Greetings from the Kingdom of Cambodia! We have been in country for 17 days, and we’re right in the midst of transition. On our 3rd day here we began language school. Although officially on our schedule the only task we have is learning the Khmer (pronounced k-my) language and the homework we receive each day, we have quickly come to realize how many other realms of life we need to relearn. We have decided to start a series of blog posts titled “Transition Time.” Each post will cover a different area of life. Today we’ll talk about food.
What is Khmer food? What food is grown locally and what is imported? Where should we buy food? Where should we eat out? How much does food cost?
For the first week of our arrival, we did not have the ability to cook for ourselves, so we were eating out for both lunch and dinner every day. The hard part about eating out is whether we can communicate Kathleen’s celiac needs to the staff, and whether they will actually understand and make the food without gluten. Without any language skills or resources when we first arrived, every meal became a huge risk to her health. We were able to get our language teacher on the first day of class to write out in Khmer, “I cannot eat soy sauce. I cannot eat wheat. Please make my dish without soy sauce or wheat.” Kathleen was then able to present the instructions to the server, who hopefully reported them to the cooks, who hopefully obeyed. Kathleen recently found some help from another expat who has been living in Cambodia for a couple of years who also has celiac. Kathleen and her sat down for an hour or so and she gave Kathleen all sorts of tips on what local dishes to avoid, where to eat out, and even some recipe ideas. Thank God for those willing to help out!
One of the ideas we had before arriving was to avoid eating meat, which could be riskier based on how it’s butchered, cleaned, and prepared. But we quickly found that almost all restaurants have meat in every dish, so that plan has been harder to follow through on when we eat out. We have yet to cook meat at home these past 10 days since having our own kitchen. It is definitely nice to be able to prepare and cook our own food. It gives us much more confidence that we can stay healthy for our language studies!
Learning our vegetable names in Khmer class
We were also really curious how much money food would cost. After about 2 weeks in, we are starting to learn the value of different products. Eating out, we’ve found most meals cost between 4 and 6 dollars. Some restaurants serve both Khmer and western food, but there isn’t a big price difference between the two options. An eating out experience we have yet to dabble in is eating street food. Colin bought a grilled corn on the cob for about 30 cents, which was a bit tough and not quite as sweet as what he is used to back in Canada. But other than that, we haven’t tried any street food. There is so much more to learn!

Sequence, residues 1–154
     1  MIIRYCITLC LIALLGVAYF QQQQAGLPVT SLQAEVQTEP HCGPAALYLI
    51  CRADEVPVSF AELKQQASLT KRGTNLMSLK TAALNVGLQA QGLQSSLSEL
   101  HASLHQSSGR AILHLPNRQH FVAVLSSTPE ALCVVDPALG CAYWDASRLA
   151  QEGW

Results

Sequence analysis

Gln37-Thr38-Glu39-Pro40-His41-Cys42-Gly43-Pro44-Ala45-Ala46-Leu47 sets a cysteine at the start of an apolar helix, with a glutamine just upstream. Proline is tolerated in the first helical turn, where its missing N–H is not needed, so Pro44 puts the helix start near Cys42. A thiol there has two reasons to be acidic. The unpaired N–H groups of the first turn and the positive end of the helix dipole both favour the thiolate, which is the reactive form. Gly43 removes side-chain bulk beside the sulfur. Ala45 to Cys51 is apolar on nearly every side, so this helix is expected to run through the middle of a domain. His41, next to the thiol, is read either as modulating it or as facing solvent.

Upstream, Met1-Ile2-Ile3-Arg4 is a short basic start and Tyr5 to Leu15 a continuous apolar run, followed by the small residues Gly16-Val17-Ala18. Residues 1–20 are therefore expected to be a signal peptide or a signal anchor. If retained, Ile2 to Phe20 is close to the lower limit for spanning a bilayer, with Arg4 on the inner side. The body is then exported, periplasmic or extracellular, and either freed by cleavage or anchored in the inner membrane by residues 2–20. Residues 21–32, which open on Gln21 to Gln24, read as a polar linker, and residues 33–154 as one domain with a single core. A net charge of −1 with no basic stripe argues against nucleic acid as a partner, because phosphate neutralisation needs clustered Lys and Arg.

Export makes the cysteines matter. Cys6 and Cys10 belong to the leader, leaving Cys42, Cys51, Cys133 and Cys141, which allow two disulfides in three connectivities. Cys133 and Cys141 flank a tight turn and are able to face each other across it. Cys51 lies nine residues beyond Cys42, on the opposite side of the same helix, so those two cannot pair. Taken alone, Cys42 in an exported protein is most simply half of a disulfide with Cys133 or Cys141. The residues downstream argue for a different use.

Colin checks out some cashews at the market
To buy food for home, there are 2 main options: stores and markets. Markets have the energy. There are the smells, the sights, the noises, the crowds, the haggling, the characters, the heat, and the language practice. At this point in our transition journey, we dabble only a little in the markets. So far we have only bought fruit, mostly because the fruit is usually on the outer edges, and it looks so good that we can’t resist. The mangoes, bananas, pineapples, and oranges we buy at the market taste great! As far as price, we still have no idea what the going rate is for most things. I usually try to bargain for a lower price, but they don’t budge. At this stage, I ask myself, “would I pay this price in Canada?” My mind churns for a second as I recall the price of pineapples back in Whitehorse, and then I say, “2 pineapples pre-cut for $1? I’ll take them!” This is where knowing what is local comes into play. You can buy apples here, but they don’t grow anywhere near Cambodia. The Chinese ones are the cheapest, but the price for apples from Canada, USA, or New Zealand is outrageous. We ask ourselves, why would we pay $4 for 2 apples when we can buy 3 mangoes for only $1? We have a feeling we won’t be eating apples for a few years…
These guys are about to go under the knife to become a tasty stir fry
Then there are the stores. If the markets have the energy, the stores have the comfort. They are air-conditioned, the prices are all marked (no haggling involved), and usually there are less crowds, depending on the time of day and how narrow the aisles are, of course. If markets win for freshness, stores win for selection. Some of the bigger stores have food from all over the world, even Doritos made in the USA, Dutch gouda, and Canadian maple syrup! We are still figuring out where to buy food and how much to pay, but we’re on our way.
This is all we can say about food for now. We know there is so much we don’t know, and it will be interesting to look back on this post months and years from now when eating here is second nature. For now, we remind ourselves to seek the most important food, God’s Word:
Deuteronomy 8:3: “so he made you go hungry. Then he gave you manna, a kind of food that you and your ancestors had never even heard about. The Lord was teaching you that people need more than food to live—they need every word that the Lord has spoken.” CEV
Our last seconds in the Canadian winter air
Traffic view from the seat of a tuktuk
Our Whitehorse memento
Khmer has 33 consonants and 58 vowels
At the entrance to our great school, Gateway to Khmer